CREATING NEW PHASE TRANSITIONS AS BRIDGES FOR BROKEN ERGODICITY IN CONFINED COLLOIDAL PRISMS
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Bangalore Prakash, Prajwal
Recent advances in the synthesis and fabrication of faceted sub-micron particles with different shapes have spurred interest in using these particles as building blocks for the assembly of targeted complex structures having enhanced optical properties. Several tunable parameters like particle shape, inter-particle interactions and geometry of the assembly, allow the design of a wide range of morphologies and material properties. In this work, Monte Carlo simulations are used to study the entropy-driven assembly of space-filling convex prism shapes; namely, square and hexagonal prisms under parallel slit-confinement, with either hard or soft-repulsive wall potentials. Phases with diverse structural order arise due to the anisotropy associated with the prismatic particle shape and the restriction of the entropic degrees of freedom of these particles by the wall potentials. In the hard-wall slit-confinement model, the wall separation were varied to explore the 2D and quasi-2D phase behavior of square and hexagonal prisms. Our simulation results for hexagonal prisms revealed two types of first order phase transitions at the quasi-2D confinement separations: 1) solid-solid transition (6-fold symmetry solid to 4-fold symmetry solid) occurring through lattice symmetry breaking, and 2) solid-dense liquid-solid (6-fold symmetry solid-no order-4-fold symmetry solid). The predicted dense liquid has a density intermediate between those of the two solid phases and has high translational/orientational disorder and mobility. For square prisms, we observe a solid-polycrystalline-solid phase transition where a lattice spacing rearrangement gives rise to the polycrystalline phase having multiple locally ordered domains. The unusual phase transitions predicted in this work for the hard confinement model are attributed to the broken ergodicity associated with a dynamically disconnected rotational phase space accessible to the particles. Indeed, for a narrow range of slit separations, particles have two distinct and dynamically disconnected rotational states: unflipped (with prism face parallel to wall plane) and flipped (with prism side parallel to wall plane), which cast distinct projection areas over the wall plane and lead to different 2D tessellating lattices. As an experimentally viable strategy to dynamically bridge those rotational states but still retain the observed hard-slit phase behavior, a soft-repulsive wall model was also investigated.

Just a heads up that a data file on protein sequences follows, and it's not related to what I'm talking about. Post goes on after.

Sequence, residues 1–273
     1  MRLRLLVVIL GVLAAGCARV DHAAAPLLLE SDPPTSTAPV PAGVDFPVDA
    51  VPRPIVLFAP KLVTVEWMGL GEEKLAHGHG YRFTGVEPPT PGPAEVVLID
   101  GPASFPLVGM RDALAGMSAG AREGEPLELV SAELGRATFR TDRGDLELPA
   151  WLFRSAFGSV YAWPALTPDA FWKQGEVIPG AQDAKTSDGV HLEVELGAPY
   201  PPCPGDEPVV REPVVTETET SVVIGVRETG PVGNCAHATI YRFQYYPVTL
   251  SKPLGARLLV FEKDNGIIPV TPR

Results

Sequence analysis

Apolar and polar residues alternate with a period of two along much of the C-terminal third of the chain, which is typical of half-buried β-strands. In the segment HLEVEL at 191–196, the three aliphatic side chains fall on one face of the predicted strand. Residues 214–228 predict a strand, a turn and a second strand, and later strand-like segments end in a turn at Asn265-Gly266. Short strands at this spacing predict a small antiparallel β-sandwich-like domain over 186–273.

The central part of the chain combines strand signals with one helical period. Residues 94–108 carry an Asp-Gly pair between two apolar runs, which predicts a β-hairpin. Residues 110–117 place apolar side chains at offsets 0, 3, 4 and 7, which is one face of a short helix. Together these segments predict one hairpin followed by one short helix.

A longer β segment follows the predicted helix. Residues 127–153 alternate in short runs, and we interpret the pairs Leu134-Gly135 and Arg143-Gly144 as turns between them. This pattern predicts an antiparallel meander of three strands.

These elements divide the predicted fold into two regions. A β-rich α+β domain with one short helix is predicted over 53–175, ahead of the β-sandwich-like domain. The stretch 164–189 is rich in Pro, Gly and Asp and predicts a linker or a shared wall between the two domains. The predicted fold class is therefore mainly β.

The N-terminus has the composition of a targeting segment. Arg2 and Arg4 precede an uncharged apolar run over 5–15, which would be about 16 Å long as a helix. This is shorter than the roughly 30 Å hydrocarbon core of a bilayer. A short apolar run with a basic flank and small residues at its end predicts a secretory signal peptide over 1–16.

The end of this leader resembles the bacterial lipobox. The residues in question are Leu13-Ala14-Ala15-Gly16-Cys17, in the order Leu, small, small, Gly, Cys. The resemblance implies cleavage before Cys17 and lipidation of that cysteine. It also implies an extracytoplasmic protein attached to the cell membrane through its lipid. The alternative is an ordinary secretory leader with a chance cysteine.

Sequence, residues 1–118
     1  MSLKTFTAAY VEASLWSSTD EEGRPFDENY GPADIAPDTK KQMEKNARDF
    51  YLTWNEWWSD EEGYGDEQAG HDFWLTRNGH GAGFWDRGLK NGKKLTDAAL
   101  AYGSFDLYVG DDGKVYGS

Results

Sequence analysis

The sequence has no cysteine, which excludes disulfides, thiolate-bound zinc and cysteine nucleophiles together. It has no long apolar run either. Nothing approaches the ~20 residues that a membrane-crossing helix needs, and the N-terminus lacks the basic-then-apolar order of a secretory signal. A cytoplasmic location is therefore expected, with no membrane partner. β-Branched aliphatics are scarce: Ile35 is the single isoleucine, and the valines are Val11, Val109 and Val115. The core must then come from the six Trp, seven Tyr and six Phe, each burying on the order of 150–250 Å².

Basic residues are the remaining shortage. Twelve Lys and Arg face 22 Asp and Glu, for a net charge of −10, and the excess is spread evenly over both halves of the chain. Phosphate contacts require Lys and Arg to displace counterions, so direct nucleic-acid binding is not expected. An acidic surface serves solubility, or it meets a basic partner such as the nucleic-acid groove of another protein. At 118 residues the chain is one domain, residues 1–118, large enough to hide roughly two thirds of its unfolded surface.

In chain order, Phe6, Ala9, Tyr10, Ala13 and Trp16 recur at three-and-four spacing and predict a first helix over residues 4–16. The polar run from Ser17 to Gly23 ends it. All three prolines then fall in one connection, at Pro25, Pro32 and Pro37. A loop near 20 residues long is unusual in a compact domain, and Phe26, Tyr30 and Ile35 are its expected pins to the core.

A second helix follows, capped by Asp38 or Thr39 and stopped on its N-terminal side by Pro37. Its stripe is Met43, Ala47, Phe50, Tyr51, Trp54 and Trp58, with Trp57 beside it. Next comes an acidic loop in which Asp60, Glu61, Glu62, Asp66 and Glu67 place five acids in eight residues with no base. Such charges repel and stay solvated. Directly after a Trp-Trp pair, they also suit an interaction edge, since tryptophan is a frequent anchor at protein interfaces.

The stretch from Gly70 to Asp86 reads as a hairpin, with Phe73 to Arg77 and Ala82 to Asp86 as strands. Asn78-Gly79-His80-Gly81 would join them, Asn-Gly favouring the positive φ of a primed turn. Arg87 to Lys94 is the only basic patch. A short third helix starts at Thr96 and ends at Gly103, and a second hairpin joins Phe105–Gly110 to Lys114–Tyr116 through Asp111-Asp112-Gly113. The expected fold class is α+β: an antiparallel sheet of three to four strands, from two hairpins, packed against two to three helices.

Stroock, Abraham Duncan; Hanrath, Tobias
M.S., Chemical Engineering
Master of Science
dissertation or thesis